Really, it’s more literary experiment than novel. Each chapter begins with a 5-sentence summary of the typical teen novel plotline - what are all the cool kids doing? They’re saving the world, obviously. In The Rest of Us, however, the cool kids are the subplot. The main plot begins after this summary, from the point of view of Mikey, one of the extras, a normal boy with normal problems who just wants to be the hero of his own story. Mikey and his friends are instantly loveable characters with real problems like eating disorders, dead siblings, shitty parents, and OCD. Ness’ experiment goes awry, though, because neither subplot nor plot is detailed or compelling enough to hold the reader’s interest. And the cool kids, “Indie kids” as Ness calls them, are constantly popping up and interrupting the plot with their bizarre problems and then racing off to solve them, but not before reminding Mikey and his crew that they shouldn’t get involved because they’re probably not supposed to help. This isn’t their storyline, after all. These interactions between subplot and plot, which should be hilarious or at least interesting, end up working against Ness, though, because every time Mikey’s story starts to stand on its own two feet it is interrupted by the ridiculous subplot and I am reminded that I am participating in a bizarre literary experiment, not just reading a book.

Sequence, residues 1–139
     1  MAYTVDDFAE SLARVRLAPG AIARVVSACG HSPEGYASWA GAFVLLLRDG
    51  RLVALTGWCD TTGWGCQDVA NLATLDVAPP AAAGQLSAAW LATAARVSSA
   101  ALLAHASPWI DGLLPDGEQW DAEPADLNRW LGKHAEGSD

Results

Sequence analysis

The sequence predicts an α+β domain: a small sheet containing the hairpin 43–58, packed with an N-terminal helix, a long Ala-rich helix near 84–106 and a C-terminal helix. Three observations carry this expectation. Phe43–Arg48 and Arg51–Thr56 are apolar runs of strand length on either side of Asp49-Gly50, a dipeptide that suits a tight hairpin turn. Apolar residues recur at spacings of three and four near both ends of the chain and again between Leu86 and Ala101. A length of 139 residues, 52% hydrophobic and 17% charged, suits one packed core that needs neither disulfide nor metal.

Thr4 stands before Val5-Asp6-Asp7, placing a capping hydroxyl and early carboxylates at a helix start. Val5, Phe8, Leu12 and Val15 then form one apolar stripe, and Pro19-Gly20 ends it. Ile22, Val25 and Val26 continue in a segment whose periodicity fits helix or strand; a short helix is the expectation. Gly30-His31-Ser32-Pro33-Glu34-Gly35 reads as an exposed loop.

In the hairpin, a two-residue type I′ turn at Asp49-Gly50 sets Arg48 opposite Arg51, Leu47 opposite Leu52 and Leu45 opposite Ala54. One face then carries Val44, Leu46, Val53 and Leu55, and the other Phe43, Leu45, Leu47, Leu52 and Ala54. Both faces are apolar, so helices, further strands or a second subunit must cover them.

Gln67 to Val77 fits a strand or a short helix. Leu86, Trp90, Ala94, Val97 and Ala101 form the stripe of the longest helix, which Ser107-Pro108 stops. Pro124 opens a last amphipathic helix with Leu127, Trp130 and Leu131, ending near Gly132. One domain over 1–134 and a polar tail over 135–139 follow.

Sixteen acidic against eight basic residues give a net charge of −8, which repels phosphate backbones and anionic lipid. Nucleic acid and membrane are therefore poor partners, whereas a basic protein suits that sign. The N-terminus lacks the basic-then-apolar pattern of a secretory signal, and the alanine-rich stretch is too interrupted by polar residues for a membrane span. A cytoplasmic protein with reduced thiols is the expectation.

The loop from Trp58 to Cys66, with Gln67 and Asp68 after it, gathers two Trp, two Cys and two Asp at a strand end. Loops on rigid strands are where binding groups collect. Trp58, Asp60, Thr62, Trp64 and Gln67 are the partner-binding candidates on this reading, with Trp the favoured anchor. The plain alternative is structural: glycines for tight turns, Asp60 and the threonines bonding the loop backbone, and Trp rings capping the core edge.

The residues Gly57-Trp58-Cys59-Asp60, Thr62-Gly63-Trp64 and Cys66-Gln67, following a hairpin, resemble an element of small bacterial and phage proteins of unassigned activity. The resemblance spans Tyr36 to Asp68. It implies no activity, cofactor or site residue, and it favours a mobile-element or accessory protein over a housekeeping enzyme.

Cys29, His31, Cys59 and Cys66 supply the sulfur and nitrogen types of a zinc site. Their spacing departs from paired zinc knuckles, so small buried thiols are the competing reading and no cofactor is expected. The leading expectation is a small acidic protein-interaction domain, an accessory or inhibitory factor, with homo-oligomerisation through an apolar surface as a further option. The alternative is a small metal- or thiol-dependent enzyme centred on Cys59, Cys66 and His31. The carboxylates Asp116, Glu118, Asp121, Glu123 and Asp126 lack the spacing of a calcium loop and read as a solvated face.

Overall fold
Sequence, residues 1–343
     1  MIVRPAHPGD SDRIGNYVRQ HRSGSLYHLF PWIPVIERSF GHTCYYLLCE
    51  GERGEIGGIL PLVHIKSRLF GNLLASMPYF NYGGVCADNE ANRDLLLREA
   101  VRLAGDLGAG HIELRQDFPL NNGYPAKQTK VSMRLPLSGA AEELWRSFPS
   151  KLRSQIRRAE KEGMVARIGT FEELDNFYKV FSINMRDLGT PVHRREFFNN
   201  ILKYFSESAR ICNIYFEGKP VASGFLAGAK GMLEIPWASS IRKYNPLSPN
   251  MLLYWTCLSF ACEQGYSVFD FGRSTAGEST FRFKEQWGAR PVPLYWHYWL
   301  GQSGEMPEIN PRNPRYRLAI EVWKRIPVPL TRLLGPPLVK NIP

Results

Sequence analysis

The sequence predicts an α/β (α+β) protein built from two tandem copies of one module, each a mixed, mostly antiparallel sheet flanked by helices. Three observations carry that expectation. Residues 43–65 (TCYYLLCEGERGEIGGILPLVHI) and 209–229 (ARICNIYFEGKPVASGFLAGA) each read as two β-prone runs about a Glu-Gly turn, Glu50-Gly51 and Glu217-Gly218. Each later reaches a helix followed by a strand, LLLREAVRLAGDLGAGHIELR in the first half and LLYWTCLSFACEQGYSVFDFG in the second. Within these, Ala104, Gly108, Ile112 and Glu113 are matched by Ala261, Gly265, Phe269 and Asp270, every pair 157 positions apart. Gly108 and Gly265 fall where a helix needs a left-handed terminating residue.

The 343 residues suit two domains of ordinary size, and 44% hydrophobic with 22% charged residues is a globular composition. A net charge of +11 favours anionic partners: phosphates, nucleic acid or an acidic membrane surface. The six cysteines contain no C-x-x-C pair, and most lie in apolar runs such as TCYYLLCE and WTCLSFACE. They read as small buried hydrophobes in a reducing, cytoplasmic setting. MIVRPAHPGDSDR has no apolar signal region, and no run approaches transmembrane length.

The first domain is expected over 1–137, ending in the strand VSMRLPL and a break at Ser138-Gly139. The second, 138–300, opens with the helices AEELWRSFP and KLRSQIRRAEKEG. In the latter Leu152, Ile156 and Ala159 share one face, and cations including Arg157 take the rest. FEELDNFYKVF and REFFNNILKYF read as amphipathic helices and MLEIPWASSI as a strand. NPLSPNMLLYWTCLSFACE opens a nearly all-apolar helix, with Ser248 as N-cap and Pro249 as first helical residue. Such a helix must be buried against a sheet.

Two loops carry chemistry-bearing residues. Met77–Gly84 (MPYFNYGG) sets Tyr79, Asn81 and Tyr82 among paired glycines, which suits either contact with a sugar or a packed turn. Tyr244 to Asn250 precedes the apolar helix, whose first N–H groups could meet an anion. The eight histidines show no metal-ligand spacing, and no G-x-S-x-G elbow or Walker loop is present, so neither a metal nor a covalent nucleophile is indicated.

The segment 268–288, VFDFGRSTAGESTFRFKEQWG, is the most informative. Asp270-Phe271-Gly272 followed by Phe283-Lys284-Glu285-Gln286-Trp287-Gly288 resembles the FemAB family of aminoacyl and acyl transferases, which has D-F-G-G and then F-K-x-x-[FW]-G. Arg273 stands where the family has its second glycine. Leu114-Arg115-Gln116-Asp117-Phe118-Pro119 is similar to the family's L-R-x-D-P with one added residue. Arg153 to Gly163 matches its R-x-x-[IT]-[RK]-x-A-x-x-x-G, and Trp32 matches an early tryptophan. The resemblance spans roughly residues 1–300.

That being said, the novel isn’t a complete failure. Ness manages to spend enough time on Mikey’s story to get us to really care about him. And, his portrayal of Mikey and his sister’s mental illnesses is accurate, heartbreaking, and tender. What's even better is that Ness doesn’t solve their problems for them, either. For me, that is the ultimate victory of this book - that Ness is able to portray characters with mental illness honestly and accurately and that he doesn’t tie things up neatly for them. Unfortunately, that’s not what The Rest of Us is about. Actually, by the end of it, I wasn't sure what the book was supposed to be about. I’m not sure Ness knew, either. As an experiment, this novel is, without question, unsuccessful, and I found myself wishing Mikey had his own book. So, maybe that’s what Ness wants us to take away from this experience? A clamoring for something more than typical YA? Whatever Ness’ intentions were, they fall flat because this novel would probably not hold the attention of the average teen reader much past the first chapter. Which is too bad, really, because in its redeeming moments there is a bit of genius here.

     So, even though I liked the character of Mikey enough to vote for The Rest of Us despite its failings, because it’s not particularly readable as a whole I can’t in good conscience force anyone else to read it. Even in the spirit of literary experimentation. And that leaves us with The Living as my pick: a snack of a novel that you can read in one sitting and that will not leave you completely unsatisfied. Consider it your appetizer course for a hearty meal of YA Smackdown novels to come.